get.boundary.comb.kb: Dose Escalation and De-escalation Boundaries for...

Description Usage Arguments Details Value Note References See Also Examples

View source: R/get.boundary.comb.kb.R

Description

Generates the optimal dose escalation and de-escalation boundaries for conducting a drug-combination trial with the KEYBOARD design.

Usage

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get.boundary.comb.kb(
  target,
  ncohort,
  cohortsize,
  n.earlystop = 100,
  marginL = 0.05,
  marginR = 0.05,
  cutoff.eli = 0.95,
  offset = 0.05,
  extrasafe = TRUE
)

Arguments

target

The target dose-limiting toxicity (DLT) rate.

ncohort

A scalar specifying the total number of cohorts in the trial.

cohortsize

The number of patients in the cohort.

marginL

The difference between the target and the left bound of the "target key" (proper dosing interval) to be defined.
The default is 0.05.

marginR

The difference between the target and the right bound of the "target key" (proper dosing interval) to be defined.
The default is 0.05.

cutoff.eli

The cutoff to eliminate an overly toxic dose and all higher doses for safety.
The recommended value for general use and default is 0.95.

Details

The KEYBOARD design relies on the posterior distribution of the toxicity probability to guide dosage. To make the decision of dose escalation and de-escalation, given the observed data at the current dose, we identify the interval that has the highest posterior probability, which we refer to as the "strongest key". This key represents where the true dose-limiting toxicity (DLT) rate of the current dose is most likely located. If the strongest key is located on the left side of the "target key", we escalate the dose (because it means that the observed data suggests that the current dose is most likely to represent under-dosing); if the strongest key is located on the right side of the target key, we de-escalate the dose (because the data suggests that the current dose represents overdosing); and if the strongest key is the target key, we retain the current dose (because the observed data supports that the current dose is most likely to be in the proper dosing interval). Graphically, the strongest key is the one with the largest area under the posterior distribution curve of the DLT rate of the current dose.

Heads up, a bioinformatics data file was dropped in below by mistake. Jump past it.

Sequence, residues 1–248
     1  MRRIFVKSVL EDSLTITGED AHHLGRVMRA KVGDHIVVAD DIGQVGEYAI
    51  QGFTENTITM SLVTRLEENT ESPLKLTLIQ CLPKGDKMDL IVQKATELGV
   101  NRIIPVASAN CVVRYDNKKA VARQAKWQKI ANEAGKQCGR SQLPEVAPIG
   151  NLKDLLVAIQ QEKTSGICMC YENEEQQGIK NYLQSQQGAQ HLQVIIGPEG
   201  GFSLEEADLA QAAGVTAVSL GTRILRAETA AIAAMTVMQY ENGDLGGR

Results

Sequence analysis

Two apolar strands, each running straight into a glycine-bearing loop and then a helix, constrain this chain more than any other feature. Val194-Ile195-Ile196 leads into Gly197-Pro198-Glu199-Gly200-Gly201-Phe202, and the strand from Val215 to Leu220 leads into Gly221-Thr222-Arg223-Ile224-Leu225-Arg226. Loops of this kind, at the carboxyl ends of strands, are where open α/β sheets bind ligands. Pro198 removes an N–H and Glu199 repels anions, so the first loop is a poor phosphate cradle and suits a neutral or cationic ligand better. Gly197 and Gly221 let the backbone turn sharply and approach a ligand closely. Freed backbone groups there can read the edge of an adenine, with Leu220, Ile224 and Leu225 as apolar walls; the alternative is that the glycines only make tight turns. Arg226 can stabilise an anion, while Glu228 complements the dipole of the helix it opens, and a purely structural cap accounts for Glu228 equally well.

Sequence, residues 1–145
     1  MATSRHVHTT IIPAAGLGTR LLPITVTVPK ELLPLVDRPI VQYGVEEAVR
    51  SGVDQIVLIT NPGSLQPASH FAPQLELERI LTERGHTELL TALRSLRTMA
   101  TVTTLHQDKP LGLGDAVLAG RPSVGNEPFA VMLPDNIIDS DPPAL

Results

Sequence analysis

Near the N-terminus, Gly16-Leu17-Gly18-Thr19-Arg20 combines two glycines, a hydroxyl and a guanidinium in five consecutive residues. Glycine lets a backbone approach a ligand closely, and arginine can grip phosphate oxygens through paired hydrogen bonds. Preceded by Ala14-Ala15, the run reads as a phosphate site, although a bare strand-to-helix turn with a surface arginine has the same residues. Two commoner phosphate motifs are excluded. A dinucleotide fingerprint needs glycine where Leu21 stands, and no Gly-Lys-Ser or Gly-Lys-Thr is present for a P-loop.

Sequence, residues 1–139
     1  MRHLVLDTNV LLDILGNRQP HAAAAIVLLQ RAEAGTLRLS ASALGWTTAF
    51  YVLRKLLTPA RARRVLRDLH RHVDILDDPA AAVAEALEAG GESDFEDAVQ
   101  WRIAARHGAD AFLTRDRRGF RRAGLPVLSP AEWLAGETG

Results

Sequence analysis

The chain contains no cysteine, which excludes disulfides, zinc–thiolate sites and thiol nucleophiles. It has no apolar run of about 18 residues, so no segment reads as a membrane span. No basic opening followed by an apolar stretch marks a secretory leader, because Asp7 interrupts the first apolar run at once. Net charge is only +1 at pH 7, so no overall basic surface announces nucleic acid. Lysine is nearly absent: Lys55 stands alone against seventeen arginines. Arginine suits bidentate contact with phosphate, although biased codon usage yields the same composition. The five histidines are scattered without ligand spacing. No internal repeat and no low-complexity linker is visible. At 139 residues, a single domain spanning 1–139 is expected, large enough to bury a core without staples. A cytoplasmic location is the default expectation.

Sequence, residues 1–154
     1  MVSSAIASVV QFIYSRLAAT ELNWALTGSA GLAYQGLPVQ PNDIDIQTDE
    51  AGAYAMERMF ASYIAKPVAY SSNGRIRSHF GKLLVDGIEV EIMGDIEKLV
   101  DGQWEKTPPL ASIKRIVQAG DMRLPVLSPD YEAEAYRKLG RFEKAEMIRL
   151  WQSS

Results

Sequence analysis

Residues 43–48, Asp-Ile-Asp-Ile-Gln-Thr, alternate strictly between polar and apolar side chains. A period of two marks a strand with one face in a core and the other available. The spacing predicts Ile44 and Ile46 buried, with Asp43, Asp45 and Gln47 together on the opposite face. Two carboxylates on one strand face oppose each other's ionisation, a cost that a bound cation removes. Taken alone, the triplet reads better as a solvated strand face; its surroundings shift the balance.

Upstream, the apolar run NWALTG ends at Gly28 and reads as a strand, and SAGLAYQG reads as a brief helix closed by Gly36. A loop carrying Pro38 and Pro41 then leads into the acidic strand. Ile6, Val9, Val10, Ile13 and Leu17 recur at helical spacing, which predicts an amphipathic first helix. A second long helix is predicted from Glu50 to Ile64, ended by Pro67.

keyboard.jpg

An attractive feature of the KEYBOARD design is that its dose escalation and de-escalation rule can be tabulated before the onset of the trial. Thus, when conducting the trial, no calculation or model fitting is needed, and we only need to count the number of DLTs observed at the current dose and make the decision of dose escalation and de-escalation based on the pre-tabulated decision rules.

Given all observed data, we use matrix isotonic regression to obtain the estimate of the toxicity rate of the combination of dose level j of drug A and dose level k of drug B, and select the MTD as the combination with the toxicity estimate that is closest to the target. When there are ties, we randomly choose one as the MTD.

For patient safety, we apply the following Bayesian overdose control rule after each cohort: if at least 3 patients have been treated at the given dose and the observed data indicate that the probability of the toxicity rate of the current combination dose being above the target toxicity rate is more than 95 exposing future patients to these overly toxic doses. The probability threshold can be specified with cutoff.eli. If the lowest dose combination (1, 1) is overly toxic, the trial terminates early and no dose is selected as the MTD.

Value

The function returns a matrix, which includes the dose escalation and de-escalation boundaries, as well as the elimination boundary.

Note

In most clinical applications, the target DLT rate is often a rough guess, but finding a dose level with a DLT rate reasonably close to the target rate (which ideally would be the MTD) is what interests the investigator.

References

1. Yan F, Mandrekar SJ, Yuan Y. KEYBOARD: A Novel Bayesian Toxicity Probability Interval Design for Phase I Clinical Trials. Clinical Cancer Research. 2017; 23:3994-4003. http://clincancerres.aacrjournals.org/content/23/15/3994.full-text.pdf 2. Pan H, Lin R, Yuan Y. Keyboard design for phase I drug-combination trials Contemporary Clinical Trials. 2020; https://doi.org/10.1016/j.cct.2020.105972

See Also

Other drug-combination functions: get.oc.comb.kb(), next.comb.kb(), select.mtd.comb.kb()

Examples

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### Drug-combination trial ###

bound <- get.boundary.comb.kb(target=0.3, ncohort=10, cohortsize=3)
print(bound)

hongyingsun1101/KEYBOARD documentation built on March 25, 2020, 2:42 a.m.